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Wednesday, March 20, 2013

Beulah Land In The Rear-View Mirror !

Must Have Took A Wrong Turn. Let Me Check That There GPS !

The future of peace and progress... that's what we have been driving away from all this time. We thought we had been driving to Beulah Land, but we had been going away from it. We thought to have been climbing the mountain, but we are deeper in the  valley.
Tens of thousands of Palestinians from the occupied West Bank commute daily to work in Israel but following complaints by West Bank settlers about sharing buses, the country's transport ministry has introduced two new Palestinians-only bus services.
It says the new buses offer Palestinian commuters a cheaper alternative but critics have drawn parallels with the 'separate but equal' doctrine that was declared discriminatory by the US supreme court in the 1950s.
Although a number of Palestinian commuters have welcomed the move, however, the Palestinian Authority has not.
Human rights groups insist that Israel discriminates between Israelis and Palestinians.
"Creating separate bus lines for Israeli Jews and Palestinians is a revolting plan," Jessica Montell, director of the B'Tselem rights group, said on Army Radio. "This is simply racism. Such a plan cannot be justified with claims of security needs or overcrowding."
Evil comes even from good intentions; Slavery came from a desire to augment agriculture; Thomas Jefferson had his young boy slaves whipped to the nail factory to inculcate punctuality.

To be in Beulah Land is to be aware that each and every step is fraught with the potential danger of back-sliding.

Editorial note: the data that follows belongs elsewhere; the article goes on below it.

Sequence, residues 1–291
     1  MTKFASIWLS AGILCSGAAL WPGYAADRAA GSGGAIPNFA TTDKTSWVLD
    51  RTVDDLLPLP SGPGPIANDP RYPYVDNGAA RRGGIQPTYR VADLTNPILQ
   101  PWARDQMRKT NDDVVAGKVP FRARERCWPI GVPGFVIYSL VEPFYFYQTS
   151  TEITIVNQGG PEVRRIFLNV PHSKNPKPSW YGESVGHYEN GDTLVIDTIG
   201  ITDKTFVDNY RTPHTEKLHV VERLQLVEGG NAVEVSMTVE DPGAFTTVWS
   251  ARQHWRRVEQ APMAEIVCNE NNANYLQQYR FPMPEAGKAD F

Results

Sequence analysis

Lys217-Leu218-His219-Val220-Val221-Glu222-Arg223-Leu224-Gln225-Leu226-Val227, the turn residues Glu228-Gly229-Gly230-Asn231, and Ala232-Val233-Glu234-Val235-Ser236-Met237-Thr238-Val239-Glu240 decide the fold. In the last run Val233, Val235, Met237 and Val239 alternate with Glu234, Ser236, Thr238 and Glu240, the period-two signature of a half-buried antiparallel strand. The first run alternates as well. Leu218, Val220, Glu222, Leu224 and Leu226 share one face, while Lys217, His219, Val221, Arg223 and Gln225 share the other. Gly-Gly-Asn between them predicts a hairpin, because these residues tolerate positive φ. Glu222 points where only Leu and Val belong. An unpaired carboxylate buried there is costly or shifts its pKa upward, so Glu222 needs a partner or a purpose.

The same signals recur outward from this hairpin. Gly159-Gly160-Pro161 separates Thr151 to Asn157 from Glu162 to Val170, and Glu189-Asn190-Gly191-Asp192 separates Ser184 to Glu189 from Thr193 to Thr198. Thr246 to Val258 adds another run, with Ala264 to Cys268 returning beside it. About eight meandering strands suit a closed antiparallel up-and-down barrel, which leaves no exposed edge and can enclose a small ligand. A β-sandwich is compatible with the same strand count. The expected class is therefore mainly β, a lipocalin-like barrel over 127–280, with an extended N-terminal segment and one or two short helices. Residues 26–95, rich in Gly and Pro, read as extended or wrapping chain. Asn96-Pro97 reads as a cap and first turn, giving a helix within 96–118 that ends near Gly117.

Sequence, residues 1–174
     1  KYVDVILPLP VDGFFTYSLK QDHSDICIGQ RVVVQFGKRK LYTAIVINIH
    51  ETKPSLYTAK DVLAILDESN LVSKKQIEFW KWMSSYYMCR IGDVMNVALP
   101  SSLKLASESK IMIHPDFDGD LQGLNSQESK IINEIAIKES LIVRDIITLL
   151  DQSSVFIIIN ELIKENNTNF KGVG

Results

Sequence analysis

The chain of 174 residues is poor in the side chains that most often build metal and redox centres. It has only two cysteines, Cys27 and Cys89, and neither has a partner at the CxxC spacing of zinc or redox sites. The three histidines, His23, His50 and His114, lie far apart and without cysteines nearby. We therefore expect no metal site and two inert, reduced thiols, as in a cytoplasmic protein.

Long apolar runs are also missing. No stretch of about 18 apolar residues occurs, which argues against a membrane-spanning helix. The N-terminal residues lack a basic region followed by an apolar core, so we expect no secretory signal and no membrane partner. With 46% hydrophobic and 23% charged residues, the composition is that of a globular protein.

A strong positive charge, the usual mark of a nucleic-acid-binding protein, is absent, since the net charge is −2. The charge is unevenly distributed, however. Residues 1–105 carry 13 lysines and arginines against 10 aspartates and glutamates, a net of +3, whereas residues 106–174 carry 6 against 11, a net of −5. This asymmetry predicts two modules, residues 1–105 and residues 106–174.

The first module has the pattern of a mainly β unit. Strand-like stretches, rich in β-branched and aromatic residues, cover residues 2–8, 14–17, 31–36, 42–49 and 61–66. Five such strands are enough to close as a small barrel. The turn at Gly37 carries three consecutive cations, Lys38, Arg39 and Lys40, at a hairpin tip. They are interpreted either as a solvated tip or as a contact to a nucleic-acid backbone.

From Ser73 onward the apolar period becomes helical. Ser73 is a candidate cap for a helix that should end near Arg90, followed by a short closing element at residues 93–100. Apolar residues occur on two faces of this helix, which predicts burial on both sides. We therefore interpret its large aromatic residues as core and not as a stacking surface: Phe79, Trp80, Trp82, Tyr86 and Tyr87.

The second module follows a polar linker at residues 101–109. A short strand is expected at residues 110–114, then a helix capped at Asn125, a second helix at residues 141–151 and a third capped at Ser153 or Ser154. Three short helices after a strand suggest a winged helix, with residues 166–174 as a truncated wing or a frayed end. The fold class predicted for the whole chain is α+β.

"To compare this system to apartheid discredits those individuals who suffered under the tyrannical South African regime and Jim Crow laws that took place in the South through the 1960s. In fact one of the ways that this system came about in order to come into place by having two separate bus lines was at the request of Palestinian workers who are trying to be able to spend more time with their families by having an easier, cheaper and faster alternative to get to work."
-  Gregg Roman, Jewish Community Relations Council of Pittsburgh

Mr. Roman is quite correct. I agree with him entirely. This system cannot be compared to other systems. It is similar to the old saying (Anna Karenina) that happy families are all alike, but every unhappy family is unhappy in its own way.
Every systematic inequity contains within itself a unique mixture of "unhappiness".

The fact that Palestinian workers requested this is even more damning, for the buses run the same routes, yet the Palestinians were hindered greatly by settlers who objected to sharing the same buses. There seems to be no doubt they were hindered. What forms did the obstacles take?

Mr. Roman is again X-correct, for good intentions pave the bus route to an unhappy place.

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